When I was asked recently to describe the type of campaign that really excites me, I was tempted to say “good ones”. But that would have been trite and predictable (question: is predictability a pre-requisite of being trite?). Instead I gave a long answer, somewhat rambling, causing my young questioner to glaze over. I was disappointed in myself (possibly not as much as she was), so here is my more thoughtful response (I will send her the link and beg her forgiveness).
It won’t surprise readers that I believe there are three essential elements in creating a great campaign. You need to know and respect your audience (so no lazy, damaging gender stereotyping, no ageism, no patronising or preaching, no shouting – please). You need to be authentic and credible (if we don’t believe you we aren’t going to buy from you). And you need to be clear about the outcome you are looking for (I am bored of thinking ‘that is all well and good but want to you want me to do?’).
I know it is easier said than done. It is hard when your job is to generate click-throughs at the lowest possible cost. But clever creative gets this right every day without necessarily spending loads of cash.
And for a great campaign to become an exciting one takes even more. Creating a campaign that I find thrilling, one that makes me stop in my tracks, that makes me want to talk to other people about it, one that might get even me to buy a product, takes all of the above plus a good measure of confidence and guts.
I am talking about campaigns where brands use their power for good, to affect positive social change while also managing to sell their products. I would say it is the holy grail but the reality is that it has been, and continues to be, done.
Now, I’m not talking about the great work that so many brands have done to support particular causes or campaigns overtly (think Stella Artois‘ ‘Buy a lady a drink’ to support clean water initiatives, Jigsaw’s ‘Love Immigration’, Airbnb’s support for equal marriage in Australia or P&G’s ‘We See Equal’). These are fabulous campaigns and I commend the brands, but I also want to see more work where the social good is implicit in the campaigns.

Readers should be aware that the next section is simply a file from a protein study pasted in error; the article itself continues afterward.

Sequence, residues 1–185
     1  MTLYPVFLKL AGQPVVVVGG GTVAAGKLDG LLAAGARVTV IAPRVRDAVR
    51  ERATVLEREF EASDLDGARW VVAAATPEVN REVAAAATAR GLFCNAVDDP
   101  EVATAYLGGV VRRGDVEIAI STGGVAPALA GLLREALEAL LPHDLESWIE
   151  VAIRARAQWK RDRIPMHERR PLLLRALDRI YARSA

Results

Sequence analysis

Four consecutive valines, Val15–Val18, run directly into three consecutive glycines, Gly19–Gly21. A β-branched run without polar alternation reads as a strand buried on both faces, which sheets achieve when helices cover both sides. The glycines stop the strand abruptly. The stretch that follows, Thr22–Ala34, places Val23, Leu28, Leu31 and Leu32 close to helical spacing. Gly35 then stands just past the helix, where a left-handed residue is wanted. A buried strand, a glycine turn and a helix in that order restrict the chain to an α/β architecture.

If you are losing customers because you take a stand against racism, sexism, homophobia, homelessness, then maybe they are people you can lose.
Take, for example, McCain’s ‘We are family’ campaign, now in its second execution. It is, at its simplest, an ad for oven-baked potato products but every element of it also tells us that McCain is celebrating diversity in all its forms. I love it.
McCain knows its audience. It has got the tone of voice absolutely right and it’s clear what it wants from the campaign. Above all it is expressing a view of society, which it didn’t have to do if all it wanted to do was sell chips. The campaign has been successful because we the audience believe in the ad. It has authenticity and credibility.
We all know what can happen if you assert values that no one believes you hold (yes, I am looking at you Pepsi and Jenner Kendall). But get it right and consumers will reward you.
Report after report, survey after survey tell us that consumers are actively looking for brands that believe in something beyond profit. They are looking for relationships with organisations that share their values. Consumers are looking for permission to choose one brand over another. With competition for their business so fierce, brands need to give consumers a reason to buy beyond the standard product attributes.
This where having guts comes in because it means taking a stand, having a point of view, and I know how difficult it can be for a brand to agree what its point of view is, especially when it is about something beyond the core business. It is even harder agreeing to tell the outside world what it is.
I have had lots of clients who are good people but are worried about what consumers will say if they take on something ‘political’. My response is generally if you are losing people because you take a stand against racism, sexism, homophobia, homelessness, then maybe they are people you can lose and you will win over people who share your values.
I am not asking brands to get party political, but to use their power for good, starting with their creative output.
Tanya Joseph is director of external relations at Nationwide Building Society and was the architect behind Sport England’s ‘This Girl Can’ campaign.